AN AFTERNOON WITH AUTHOR GEORGE C. DAUGHAN

When:
October 13, 2018 @ 2:00 pm – 3:30 pm
2018-10-13T14:00:00-04:00
2018-10-13T15:30:00-04:00
Where:
Louis T. Graves Memorial Public Library
18 Maine St
Kennebunkport, ME 04046
USA
Cost:
20.00
Contact:
Mary-Lou Boucouvalas
(207) 967-2778

 

Well-known Author, George C. Daughan, will be here on Saturday, October 13 at 2:00 pm to read from and discuss his new book Lexington and Concord.  George C. Daughan’s magnificently detailed account of the Battle of Lexington and Concord challenges the prevailing narrative of the American War of Independence. It was, Daughan argues, based as much in economic concerns as political ones. When Massachusetts militiamen turned out in overwhelming numbers to fight the British, they believed they were fighting for their farms and livelihoods, as well as for liberty.

Benjamin Franklin was not surprised by this widespread belief. In the years prior to the Revolution, Franklin had toured Great Britain and witnessed the wretched living conditions of the king’s subjects. They wore rags for clothes, went barefoot, and had little to eat. They were not citizens, but serfs. Franklin described the appalling situation in a number of letters home. In the eyes of many American colonists, Britain’s repressive measures were not seen simply as an effort to reestablish political control of the colonies, but also as a means to reduce the prosperous colonists themselves to the serfdom described in the Franklin letters.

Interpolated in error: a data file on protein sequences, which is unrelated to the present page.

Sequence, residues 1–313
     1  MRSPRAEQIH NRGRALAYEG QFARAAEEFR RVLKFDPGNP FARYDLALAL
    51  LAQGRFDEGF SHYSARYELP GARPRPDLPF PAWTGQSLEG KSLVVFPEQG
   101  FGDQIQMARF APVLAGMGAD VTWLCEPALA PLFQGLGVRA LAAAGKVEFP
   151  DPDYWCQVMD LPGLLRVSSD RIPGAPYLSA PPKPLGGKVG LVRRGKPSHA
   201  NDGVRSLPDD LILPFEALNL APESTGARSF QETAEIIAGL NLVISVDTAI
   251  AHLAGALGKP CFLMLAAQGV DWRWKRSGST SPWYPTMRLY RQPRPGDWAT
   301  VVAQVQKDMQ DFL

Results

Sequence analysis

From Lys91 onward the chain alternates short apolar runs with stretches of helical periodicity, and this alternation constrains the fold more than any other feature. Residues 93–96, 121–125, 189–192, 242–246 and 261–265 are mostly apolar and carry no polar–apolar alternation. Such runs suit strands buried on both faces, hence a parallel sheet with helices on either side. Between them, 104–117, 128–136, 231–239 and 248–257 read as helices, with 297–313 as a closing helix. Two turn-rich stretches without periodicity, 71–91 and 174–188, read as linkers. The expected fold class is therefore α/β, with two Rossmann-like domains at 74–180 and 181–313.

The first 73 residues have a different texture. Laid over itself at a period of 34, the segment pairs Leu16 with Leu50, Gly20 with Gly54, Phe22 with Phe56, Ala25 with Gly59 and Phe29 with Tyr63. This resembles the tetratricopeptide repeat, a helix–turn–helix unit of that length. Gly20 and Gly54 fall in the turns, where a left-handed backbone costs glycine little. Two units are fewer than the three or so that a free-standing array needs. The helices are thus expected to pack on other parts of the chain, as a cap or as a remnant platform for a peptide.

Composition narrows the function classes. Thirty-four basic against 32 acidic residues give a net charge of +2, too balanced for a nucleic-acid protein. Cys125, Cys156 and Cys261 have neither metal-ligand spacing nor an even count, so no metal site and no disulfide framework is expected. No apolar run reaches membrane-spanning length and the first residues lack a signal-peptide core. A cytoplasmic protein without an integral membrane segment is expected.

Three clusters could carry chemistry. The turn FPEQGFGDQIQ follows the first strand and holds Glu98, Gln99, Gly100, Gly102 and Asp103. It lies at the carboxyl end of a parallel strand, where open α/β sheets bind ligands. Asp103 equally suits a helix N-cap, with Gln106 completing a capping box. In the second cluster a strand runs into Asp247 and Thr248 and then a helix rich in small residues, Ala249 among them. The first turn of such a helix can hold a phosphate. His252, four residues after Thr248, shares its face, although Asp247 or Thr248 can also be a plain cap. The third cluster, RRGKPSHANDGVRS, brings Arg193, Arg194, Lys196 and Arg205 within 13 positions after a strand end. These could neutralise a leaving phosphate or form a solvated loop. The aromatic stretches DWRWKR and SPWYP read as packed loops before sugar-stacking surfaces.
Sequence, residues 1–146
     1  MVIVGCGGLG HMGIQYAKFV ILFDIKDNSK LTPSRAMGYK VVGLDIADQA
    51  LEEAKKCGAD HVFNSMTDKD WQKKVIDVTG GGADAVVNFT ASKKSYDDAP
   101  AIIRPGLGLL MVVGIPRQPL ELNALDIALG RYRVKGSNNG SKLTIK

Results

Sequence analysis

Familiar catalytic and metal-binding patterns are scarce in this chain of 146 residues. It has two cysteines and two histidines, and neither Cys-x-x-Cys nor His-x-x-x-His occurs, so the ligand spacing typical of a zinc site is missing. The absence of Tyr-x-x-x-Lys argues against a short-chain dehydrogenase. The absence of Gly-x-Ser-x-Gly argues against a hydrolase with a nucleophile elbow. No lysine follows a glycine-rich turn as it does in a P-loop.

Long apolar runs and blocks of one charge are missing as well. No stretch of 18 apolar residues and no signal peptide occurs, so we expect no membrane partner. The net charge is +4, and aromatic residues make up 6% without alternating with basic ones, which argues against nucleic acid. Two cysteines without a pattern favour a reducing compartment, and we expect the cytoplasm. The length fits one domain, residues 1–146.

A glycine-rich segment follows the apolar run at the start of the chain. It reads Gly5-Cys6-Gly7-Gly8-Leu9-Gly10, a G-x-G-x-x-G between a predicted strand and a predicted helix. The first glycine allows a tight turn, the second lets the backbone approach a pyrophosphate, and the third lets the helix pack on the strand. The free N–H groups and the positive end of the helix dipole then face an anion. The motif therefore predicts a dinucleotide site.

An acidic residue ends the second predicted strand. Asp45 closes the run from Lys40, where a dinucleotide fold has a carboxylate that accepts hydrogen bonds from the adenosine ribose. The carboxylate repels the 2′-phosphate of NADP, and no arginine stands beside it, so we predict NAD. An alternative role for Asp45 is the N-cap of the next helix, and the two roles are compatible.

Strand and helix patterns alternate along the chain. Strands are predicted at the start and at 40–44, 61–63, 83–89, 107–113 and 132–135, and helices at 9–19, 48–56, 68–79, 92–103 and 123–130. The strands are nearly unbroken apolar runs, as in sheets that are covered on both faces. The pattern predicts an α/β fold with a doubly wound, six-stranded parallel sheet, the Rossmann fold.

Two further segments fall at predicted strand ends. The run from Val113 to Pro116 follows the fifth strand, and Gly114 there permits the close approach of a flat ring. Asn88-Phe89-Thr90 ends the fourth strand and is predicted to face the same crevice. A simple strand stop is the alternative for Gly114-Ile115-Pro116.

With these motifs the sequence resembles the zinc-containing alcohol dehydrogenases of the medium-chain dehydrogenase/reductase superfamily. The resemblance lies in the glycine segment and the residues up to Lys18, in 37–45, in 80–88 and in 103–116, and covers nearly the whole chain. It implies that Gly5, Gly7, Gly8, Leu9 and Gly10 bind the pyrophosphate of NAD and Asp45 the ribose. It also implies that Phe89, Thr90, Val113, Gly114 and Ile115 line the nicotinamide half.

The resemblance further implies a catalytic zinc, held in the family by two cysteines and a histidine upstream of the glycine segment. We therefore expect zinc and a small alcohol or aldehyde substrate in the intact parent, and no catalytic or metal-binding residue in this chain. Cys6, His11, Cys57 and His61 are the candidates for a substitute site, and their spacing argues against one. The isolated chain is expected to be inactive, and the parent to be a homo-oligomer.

Another key factor in the outcome of this historic battle, according to Daughan, was the scorn British officers had for colonial fighters. Although the British officers had fought alongside colonial Americans in the ferocious French and Indian War, they failed to anticipate the skill, organization, and sheer numbers of the colonial militias. Daughan explains how British arrogance led them to defeat at the hands of motivated, experienced patriot fighters determined to protect their way of life.

Authoritative and immersive, Lexington and Concord gives us a new understanding of a battle that became a template for colonial uprisings in later centuries.  (Amazon.com)

After receiving a PhD in American History and Government from Harvard University, Mr. Daughan spent three years in the United States Air Force during the Vietnam War. Most of the time he taught at the Air Force Academy, where he was director of the MA program in international affairs. Upon returning to civilian life, he taught at the University of Colorado, the University of NH, Wesleyan University, Connecticut College, and Harvard University. He now reside in New Hampshire. He is the author of several books including:   The Shining Sea (2013),  If By Sea: The Forging of the American Navy from the Revolution to the War of 1812 (2008), winner of the 2008 Samuel Eliot Morison Award, and “1812: The Navy’s War (2011), recipient of the 2012 gold medal in history from the Independent Publisher’s Association, and the 2012 George Pendleton Prize,  Revolution on the Hudson : New York City and the Hudson River Valley in the American War of Independence.  1812: The Navy’s War was also selected for the Navy’s Reading List. In 2014 he received the Samuel Eliot Morison Award from the Constitution Museum for this body of work.

Tickets ($20.00) will be sold at the Library starting August 1st.  Price includes the talk, a wine and cheese reception, and intimate discussion with the author.  All proceeds benefit the Capital Campaign for the new Mothers Wing.  Limited seating available.  Please call for further information  (967-2778).